Will the bad guy in the audience please stand up?

As I’m enjoying the productivity of working from the lanai of my dear friend’s home in sunny Destin, FL this week, I’m focused on a speaking engagement I have next week and the content I wish to convey to this group of parents.  (I’m also focused on finishing up by 2:00 today so I can soak up some sun on the beach:).  I can’t help but reflect on how to incorporate some of my learnings from one of the best safety workshops I’ve had the opportunity to take.

A couple of weekends ago, both of my daughters and I had the opportunity to go through a workshop put on by former NCIS Special Agent, Heather Ryan.  She left the NCIS after 14 years to form a company called Safe in the City, where she trains young women (teens, college age, etc) about who predators really are, how they choose their targets and move in for the kill.  Pun fully intended.

I thought I was pretty well-educated about online safety, but I learned some new perspectives and facts that were incredibly valuable in that workshop, a few of which I’m sharing here.

The real size of your child’s audience online.

So you have friends.  And followers.  And, it’s no secret that a tween’s/teen’s feeling of popularity directly correlates with the number of friends, followers, likes, shares, and retweets he or she has.  I’ve often talked with parents about the fact that there is absolutely no reason for a tween or teen to have several hundred followers.  But kids collect followers like I’m about to collect sand particles on my feet. The more, the better.  The more followers, the more popular you are.  I get that it makes them feel empowered, liked, even important.  But, seriously, do YOU even know that many people? There is a real risk even beyond the number of followers your son or daughter has.  For example, unless that Twitter account is completely private (and only about 24% are according to http://www.pewinternet.org/2013/05/21/teens-social-media-and-privacy/), the audience is far larger that what you would imagine.  Your daughter’s public account has 800 followers?  No, she doesn’t.  She has over 300 million.  That’s how many active Twitter users there are today.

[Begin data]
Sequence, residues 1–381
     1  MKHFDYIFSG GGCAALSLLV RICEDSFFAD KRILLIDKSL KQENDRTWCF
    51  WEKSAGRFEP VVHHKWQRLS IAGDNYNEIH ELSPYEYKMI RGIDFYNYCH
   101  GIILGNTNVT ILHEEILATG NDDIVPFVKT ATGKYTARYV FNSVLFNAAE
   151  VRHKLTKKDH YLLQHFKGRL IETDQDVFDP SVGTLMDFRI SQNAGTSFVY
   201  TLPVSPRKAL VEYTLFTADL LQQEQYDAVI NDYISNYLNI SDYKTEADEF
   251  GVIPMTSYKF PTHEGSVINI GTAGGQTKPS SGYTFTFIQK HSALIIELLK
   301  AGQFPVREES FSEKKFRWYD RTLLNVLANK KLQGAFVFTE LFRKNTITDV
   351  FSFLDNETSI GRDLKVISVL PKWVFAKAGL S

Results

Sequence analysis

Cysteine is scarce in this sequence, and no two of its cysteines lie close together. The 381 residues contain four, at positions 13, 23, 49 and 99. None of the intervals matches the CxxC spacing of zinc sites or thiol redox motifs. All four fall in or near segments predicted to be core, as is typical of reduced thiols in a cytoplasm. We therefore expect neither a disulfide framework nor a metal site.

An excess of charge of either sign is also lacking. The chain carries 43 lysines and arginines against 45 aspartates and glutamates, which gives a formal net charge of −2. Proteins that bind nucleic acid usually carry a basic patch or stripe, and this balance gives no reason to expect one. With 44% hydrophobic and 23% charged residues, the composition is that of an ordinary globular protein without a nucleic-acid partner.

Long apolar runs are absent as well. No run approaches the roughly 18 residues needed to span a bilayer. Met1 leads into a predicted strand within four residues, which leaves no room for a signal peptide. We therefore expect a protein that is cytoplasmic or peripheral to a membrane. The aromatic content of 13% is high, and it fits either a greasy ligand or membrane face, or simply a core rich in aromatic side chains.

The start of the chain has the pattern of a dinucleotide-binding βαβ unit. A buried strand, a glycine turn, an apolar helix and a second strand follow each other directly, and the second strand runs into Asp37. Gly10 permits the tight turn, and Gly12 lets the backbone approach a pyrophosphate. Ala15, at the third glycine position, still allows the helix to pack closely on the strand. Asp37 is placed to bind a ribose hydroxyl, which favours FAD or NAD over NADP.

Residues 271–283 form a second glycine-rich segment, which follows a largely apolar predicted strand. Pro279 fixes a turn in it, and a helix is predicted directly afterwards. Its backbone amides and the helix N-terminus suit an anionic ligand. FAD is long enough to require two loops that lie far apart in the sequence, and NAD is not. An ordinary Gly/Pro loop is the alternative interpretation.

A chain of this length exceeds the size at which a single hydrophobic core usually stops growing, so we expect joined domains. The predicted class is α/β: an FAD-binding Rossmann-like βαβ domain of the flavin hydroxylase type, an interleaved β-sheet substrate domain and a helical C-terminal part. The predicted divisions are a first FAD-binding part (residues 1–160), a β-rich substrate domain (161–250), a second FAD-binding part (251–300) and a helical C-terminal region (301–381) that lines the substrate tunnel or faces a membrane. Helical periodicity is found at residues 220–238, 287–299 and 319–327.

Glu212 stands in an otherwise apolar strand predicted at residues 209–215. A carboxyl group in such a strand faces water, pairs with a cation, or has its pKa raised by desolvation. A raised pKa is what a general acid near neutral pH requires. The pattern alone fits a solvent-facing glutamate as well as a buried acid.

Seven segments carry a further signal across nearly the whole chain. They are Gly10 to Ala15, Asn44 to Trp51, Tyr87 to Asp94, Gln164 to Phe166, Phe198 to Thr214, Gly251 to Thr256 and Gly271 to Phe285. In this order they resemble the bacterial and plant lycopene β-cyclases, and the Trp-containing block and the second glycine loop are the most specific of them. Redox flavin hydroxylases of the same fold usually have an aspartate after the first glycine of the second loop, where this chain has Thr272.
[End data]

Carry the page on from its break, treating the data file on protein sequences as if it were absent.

Trolling is so easy.

Let’s take that a step further.  Consider this. Of teen social media users

  • 91% post a photo of themselves
  • 71% post their school name
  • 71% post the city or town where they live
  • 53% post their email address
  • 20% post their cell phone number
  • 92% post their real name to the profile they use most often.2
  • 84% post their interests, such as movies, music, or books they like.
  • 24% post videos of themselves.

Wait, what?!

Do you realize how easy this makes it for someone to troll all of your child’s social media accounts and then befriend them?  And, since more followers are alway generally welcomed, what’s to stop creepy guy living in his mother’s basement from finding out WHAT your child likes and does, WHERE they live, go to school or routinely hang out, WHEN they are available, and HOW to gain access to them?

Do I need to even say this here?  Probably not, but I would be remiss if I didn’t.  If you follow your son or daughter on Twitter, Instagram, etc (you should if they have an account) and you see a post like this one:

All by myself again tonight.  So bored, I need someone to come hang out with me.

It’s time for a convo. You might think this is ridiculous- my child would never post something like this.  Don’t be naive.  You will find posts like this all over social media.  They are open invitations for the “bad guys.”  They are yin to the bad guys’ yang.  They are why there are so many more predators and pedophiles in existence online today than we will ever have the resources to track down.

Privacy is something never to treat casually.

Social media has woven itself into the fabric of the lives our our children, but we can’t let them forget that there are comments, photos, and entire conversations that are best kept private.  We don’t know the human behind every user id.  This is where it becomes incredibly important to have the conversations about the types of things that are productive to post on public social media versus the type of content best kept private- to be shared with only select groups of known friends and family.  It’s easy to understand that kids want and need to be social and share photos, comments, and conversations. But, not everything is meant to be posted on a public billboard.

It’s time to draw a line and make a distinction between the types of content that are ok to post for the world to see- forever- versus the types of content that should be kept to a distinct, selective audience.  The use of public social media (Facebook, Twitter, Instagram) is a great way to differentiate yourself in a positive way for older kids as well as adults.  And, the use of private social media (Frienedy) is a great way to connect and share more more private, casual, silly, goofy, or special content with those select audiences who really care to see and interact with it.

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